The full content of Annals is available to subscribers

Subscribe/Learn More  >
Brief Communications |

Narcotic Withdrawal Syndrome Caused by Naltrexone

[+] Article, Author, and Disclosure Information

▸Requests for reprints should be addressed to Vincent Tornabene, M.D., Department of Medicine, Harlem Hospital Center, 135th and Lenox Ave., New York, NY 10037.

New York, New York

Ann Intern Med. 1974;81(6):785-787. doi:10.7326/0003-4819-81-6-785
Text Size: A A A

Three persons who were regularly taking methadone, heroin, or both, ingested 50 to 188 mg of naltrexone, a potent narcotic antagonist. Each experienced an acute narcotic withdrawal syndrome beginning within 5 minutes of ingestion and lasting up to 48 hours. Mental status changes including confusion and somnolence were noted in two patients, one of whom also experienced visual hallucinations. Significant fluid loss through vomiting and diarrhea, which required intravenous fluid replacement, occurred in the same two patients. Illicit dissemination of naltrexone poses another hazard for opiate addicts.





Citing articles are presented as examples only. In non-demo SCM6 implementation, integration with CrossRef’s "Cited By" API will populate this tab (http://www.crossref.org/citedby.html).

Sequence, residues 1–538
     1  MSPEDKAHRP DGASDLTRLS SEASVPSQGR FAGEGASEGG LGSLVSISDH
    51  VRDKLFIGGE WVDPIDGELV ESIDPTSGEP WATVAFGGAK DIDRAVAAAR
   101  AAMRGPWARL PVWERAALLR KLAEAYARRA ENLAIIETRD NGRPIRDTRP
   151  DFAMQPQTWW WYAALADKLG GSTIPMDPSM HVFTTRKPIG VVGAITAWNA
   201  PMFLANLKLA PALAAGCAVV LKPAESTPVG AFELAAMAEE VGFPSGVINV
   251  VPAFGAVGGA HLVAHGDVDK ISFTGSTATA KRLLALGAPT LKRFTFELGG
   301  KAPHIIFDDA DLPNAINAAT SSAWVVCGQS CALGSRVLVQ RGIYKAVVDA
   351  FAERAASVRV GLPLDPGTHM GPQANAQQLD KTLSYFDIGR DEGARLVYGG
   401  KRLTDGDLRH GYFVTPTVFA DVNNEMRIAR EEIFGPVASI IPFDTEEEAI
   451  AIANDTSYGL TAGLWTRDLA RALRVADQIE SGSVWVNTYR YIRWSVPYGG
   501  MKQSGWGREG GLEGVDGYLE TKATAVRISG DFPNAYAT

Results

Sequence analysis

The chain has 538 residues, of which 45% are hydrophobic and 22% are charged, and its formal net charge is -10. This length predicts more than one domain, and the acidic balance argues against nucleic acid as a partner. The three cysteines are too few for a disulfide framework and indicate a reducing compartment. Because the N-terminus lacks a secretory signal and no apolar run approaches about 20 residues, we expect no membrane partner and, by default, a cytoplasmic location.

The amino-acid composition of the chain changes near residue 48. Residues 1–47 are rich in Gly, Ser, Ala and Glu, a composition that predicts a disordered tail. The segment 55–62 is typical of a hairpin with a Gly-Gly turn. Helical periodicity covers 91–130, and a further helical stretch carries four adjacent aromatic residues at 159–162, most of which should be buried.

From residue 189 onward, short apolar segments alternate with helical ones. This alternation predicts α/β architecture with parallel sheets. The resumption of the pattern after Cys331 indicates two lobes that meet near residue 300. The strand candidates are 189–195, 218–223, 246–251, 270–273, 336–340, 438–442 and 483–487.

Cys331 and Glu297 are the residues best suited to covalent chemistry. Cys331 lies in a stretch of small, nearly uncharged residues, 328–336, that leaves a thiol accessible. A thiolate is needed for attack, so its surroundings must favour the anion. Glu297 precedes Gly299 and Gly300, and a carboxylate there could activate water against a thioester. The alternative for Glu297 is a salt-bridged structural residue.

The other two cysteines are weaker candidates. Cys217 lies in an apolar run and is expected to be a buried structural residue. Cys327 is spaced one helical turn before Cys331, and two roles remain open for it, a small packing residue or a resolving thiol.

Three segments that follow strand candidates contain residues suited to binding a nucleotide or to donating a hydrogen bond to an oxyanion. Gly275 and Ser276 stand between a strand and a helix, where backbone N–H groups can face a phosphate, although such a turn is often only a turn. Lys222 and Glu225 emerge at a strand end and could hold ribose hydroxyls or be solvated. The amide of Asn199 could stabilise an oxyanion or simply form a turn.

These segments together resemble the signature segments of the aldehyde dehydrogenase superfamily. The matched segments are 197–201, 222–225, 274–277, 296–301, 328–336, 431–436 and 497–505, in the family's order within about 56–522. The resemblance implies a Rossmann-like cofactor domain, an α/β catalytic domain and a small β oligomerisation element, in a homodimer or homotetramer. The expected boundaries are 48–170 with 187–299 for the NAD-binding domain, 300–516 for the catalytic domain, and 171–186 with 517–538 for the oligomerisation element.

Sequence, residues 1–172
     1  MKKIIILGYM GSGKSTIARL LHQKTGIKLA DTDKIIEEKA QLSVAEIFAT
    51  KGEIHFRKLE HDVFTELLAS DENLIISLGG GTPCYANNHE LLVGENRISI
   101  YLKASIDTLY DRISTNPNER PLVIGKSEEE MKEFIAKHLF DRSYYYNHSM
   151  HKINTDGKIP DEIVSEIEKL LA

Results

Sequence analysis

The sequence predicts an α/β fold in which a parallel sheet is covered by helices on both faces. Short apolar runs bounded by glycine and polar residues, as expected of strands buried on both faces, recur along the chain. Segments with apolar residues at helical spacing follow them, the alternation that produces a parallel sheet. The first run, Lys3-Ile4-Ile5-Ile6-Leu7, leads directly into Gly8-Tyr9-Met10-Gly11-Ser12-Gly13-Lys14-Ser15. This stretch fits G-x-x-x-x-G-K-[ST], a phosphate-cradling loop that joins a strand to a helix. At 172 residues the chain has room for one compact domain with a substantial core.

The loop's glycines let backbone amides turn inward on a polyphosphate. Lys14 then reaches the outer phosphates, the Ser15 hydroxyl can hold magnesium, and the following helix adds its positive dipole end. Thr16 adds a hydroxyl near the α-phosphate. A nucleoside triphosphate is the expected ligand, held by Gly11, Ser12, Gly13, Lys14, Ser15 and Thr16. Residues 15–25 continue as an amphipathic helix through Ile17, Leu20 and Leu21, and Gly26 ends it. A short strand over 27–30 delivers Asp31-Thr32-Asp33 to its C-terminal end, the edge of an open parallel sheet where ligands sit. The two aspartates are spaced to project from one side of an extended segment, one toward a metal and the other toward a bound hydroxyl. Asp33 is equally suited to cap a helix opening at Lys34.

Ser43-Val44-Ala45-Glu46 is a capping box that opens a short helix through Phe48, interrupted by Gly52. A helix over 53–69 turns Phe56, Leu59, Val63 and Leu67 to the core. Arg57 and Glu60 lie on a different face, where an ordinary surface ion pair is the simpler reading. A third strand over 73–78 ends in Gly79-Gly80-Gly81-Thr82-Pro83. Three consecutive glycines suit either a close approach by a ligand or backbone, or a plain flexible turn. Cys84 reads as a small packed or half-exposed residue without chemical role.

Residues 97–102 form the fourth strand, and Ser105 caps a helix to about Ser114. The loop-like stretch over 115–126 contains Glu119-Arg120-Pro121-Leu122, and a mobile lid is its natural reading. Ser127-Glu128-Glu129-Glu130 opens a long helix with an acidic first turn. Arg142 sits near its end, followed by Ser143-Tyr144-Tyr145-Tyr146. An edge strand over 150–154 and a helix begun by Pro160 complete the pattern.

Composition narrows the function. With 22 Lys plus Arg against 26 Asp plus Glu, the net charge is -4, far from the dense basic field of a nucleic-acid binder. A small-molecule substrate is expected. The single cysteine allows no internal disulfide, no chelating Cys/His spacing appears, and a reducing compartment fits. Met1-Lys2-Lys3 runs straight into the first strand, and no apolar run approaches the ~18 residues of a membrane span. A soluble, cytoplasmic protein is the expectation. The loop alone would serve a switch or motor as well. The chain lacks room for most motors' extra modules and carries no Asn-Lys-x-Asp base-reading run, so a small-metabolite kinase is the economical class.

Submit a Comment/Letter
Submit a Comment/Letter

Summary for Patients

Clinical Slide Sets

Terms of Use

The In the Clinic® slide sets are owned and copyrighted by the American College of Physicians (ACP). All text, graphics, trademarks, and other intellectual property incorporated into the slide sets remain the sole and exclusive property of the ACP. The slide sets may be used only by the person who downloads or purchases them and only for the purpose of presenting them during not-for-profit educational activities. Users may incorporate the entire slide set or selected individual slides into their own teaching presentations but may not alter the content of the slides in any way or remove the ACP copyright notice. Users may make print copies for use as hand-outs for the audience the user is personally addressing but may not otherwise reproduce or distribute the slides by any means or media, including but not limited to sending them as e-mail attachments, posting them on Internet or Intranet sites, publishing them in meeting proceedings, or making them available for sale or distribution in any unauthorized form, without the express written permission of the ACP. Unauthorized use of the In the Clinic slide sets will constitute copyright infringement.


Buy Now for $42.00

to gain full access to the content and tools.

Want to Subscribe?

Learn more about subscription options

Related Articles
Journal Club
Topic Collections
PubMed Articles
Opioid Use Disorders. Child Adolesc Psychiatr Clin N Am 2016;25(3):473-87.
Management of impulse control disorders in Parkinson's disease. Int Psychogeriatr Published online Jul 4, 2016;
Forgot your password?
Enter your username and email address. We'll send you a reminder to the email address on record.